Muscle contraction and relaxation are driven by energy in the cells provided by the compound adenosine triphosphate (ATP). Muscles have only a limited supply of ATP, however. The ATP levels are rapidly used up during exercise, particularly in short, intense bursts of anaerobic activity. Many an athletes needs immediate replenishment of energy in the muscle during demanding regimens, such as sprinting and weightlifting. In these situations, the body produces ATP: The energy currency in the cells, which powers muscle movement and control.
How much and how efficiently is ATP produced depends upon the amounts of creatine phosphate stored in the cell. Creatine is the biomolecule, which produces ATP. Creatine is indigenous to the human body, and is produced by the liver and stored in the brain, skeletal and heart muscles where it serves as a ready pool to produce ATP. Creatine is the key substance that helps speed up the ATP refueling of the muscle. More creatine in the muscle means greater energy production that allows muscle to work longer and at higher intensity.
How does creatine help the muscle perform at higher efficiency and recover faster? Creatine saturates the muscle to convert it into ATP.* This conversion takes place in the absence of oxygen and is, therefore, used as an anaerobic pathway for energy..
Creatine is, however, more than just an ergogenic nutrient: It has a voluminizing effect on the muscle.* Cell voluminizing, or cellular hydration, involves binding of water to the muscle fiber. In turn, this binding gives rise to the "pumped" look. Since water is bound inside the muscle, the athletes using creatine do not have the "puffy" appearance. In other words, the muscle looks larger but, more importantly, has improved strength and has high energy and intensity.* That allows the athlete to recover faster and have more energy for each training session.*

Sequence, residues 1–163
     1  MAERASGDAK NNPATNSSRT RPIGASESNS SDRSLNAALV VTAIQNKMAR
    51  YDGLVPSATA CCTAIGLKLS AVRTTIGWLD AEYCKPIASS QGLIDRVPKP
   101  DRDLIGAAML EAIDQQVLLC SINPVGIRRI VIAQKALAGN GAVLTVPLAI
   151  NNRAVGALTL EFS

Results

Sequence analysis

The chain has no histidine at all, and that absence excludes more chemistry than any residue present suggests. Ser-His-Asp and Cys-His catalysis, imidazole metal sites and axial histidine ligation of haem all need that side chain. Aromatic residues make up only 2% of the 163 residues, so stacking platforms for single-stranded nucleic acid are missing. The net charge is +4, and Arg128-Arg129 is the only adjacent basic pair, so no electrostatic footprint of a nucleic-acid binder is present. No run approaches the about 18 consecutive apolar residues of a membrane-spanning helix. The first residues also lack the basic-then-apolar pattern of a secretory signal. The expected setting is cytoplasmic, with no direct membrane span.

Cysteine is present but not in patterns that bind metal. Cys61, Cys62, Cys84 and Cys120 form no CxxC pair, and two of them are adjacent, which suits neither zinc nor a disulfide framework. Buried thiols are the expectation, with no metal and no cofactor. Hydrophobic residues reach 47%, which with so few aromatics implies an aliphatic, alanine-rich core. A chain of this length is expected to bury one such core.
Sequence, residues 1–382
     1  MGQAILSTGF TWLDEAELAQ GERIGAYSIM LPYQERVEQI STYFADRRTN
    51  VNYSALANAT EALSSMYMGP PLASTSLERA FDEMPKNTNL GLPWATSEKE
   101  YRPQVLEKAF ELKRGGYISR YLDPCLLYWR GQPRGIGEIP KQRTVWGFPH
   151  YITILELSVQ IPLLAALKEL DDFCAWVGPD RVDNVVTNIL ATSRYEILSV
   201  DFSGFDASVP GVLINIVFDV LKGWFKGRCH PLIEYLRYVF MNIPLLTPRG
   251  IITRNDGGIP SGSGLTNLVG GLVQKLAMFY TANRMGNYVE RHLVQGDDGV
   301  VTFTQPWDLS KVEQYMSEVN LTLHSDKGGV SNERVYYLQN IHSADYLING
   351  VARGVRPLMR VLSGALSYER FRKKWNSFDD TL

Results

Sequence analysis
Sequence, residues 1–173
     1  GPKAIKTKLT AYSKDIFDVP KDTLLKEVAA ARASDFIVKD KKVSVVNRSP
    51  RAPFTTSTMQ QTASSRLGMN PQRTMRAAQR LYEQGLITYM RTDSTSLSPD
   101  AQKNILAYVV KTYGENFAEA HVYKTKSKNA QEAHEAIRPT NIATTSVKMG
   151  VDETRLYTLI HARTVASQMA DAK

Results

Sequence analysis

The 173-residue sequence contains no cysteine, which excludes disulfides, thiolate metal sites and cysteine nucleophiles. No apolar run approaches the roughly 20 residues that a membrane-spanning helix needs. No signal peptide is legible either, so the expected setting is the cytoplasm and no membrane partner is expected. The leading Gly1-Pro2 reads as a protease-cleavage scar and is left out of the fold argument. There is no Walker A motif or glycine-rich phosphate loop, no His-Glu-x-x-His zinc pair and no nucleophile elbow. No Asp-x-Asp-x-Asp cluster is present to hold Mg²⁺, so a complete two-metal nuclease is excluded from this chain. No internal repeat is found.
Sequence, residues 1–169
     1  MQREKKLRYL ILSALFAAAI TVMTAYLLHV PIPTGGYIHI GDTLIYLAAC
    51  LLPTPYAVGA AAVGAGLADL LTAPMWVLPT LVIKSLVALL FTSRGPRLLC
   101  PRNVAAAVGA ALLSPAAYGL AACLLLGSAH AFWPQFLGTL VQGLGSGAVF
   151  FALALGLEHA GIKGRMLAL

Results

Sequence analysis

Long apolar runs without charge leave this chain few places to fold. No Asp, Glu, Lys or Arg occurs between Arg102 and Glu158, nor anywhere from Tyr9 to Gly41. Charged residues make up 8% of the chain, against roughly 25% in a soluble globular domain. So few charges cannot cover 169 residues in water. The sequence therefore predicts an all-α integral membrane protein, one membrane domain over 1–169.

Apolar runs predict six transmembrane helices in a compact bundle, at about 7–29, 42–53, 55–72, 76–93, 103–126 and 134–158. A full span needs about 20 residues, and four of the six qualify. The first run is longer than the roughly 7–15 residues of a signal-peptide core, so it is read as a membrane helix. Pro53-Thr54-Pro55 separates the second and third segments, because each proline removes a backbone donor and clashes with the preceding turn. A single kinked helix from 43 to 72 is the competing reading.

Ultimate Nutrition's Creatine Monohydrate is the highest quality micronized creatine that is specifically designed to enhance biovoluminization.* Creatine Monohydrate is scientifically tested to provide the ready source of energy for the athlete on the go.*.
What is Creatine Monohydrate Dosage?
Creatine is taken in two phases. The first phase is the so-called "loading phase when creatine is used to load the body. Depending on the individual, it could vary between one and five days with approximately five grams of creatine is taken three to four times a day. In the "maintenance" phase following the "loading" phase, creatine levels are maintained by a dose of five to 15 grams per day in divided dosages of five gram at one sitting for up to three months.
Who Uses Creatine Monohydrate?
According to reports professional athletes and Olympians use creatine monhydrate to enhance their performance. Creatine is taken most commonly ingested by weightlifters and bodybuilders. Since muscle strength and endurance increases all athletic performance, athletes of all stripes benefit from creatine supplementation, including runners, swimmers, cyclists, skiers, martial artists, wrestlers, football and rugby players and tennis and basketball players.
Is Creatine Found in Foods?
To varying degrees creatine is found in many foods. The richest source of creatine is lean red meat and fish. A 2.2-pound steak contains roughly six grams of creatine. It should be pointed out that eating large amounts of red meat might be unhealthy.
Is There Creatine Deficiency?
Since creatine breaks down rapidly during the first few minutes of intense exercise, creatine deficiency may ensue. That may result in decline in muscle power and onset of fatigue during intense muscle contractions.
Is There Creatine Balance in the Muscle?
Yes, the muscle has creatine equilibrium. Creatine has a normal turnover rate of 2 grams per day. That is, two grams of creatine are irreversibly degraded and, in its place, equivalent amount is synthesized to replace it. There is a balance between creatine pool inside the muscle cells and creatine circulating in the blood. After the start of creatine supplementation, this balance may be slightly perturbed, but the body quickly adjusts to the new equilibrium within a few days.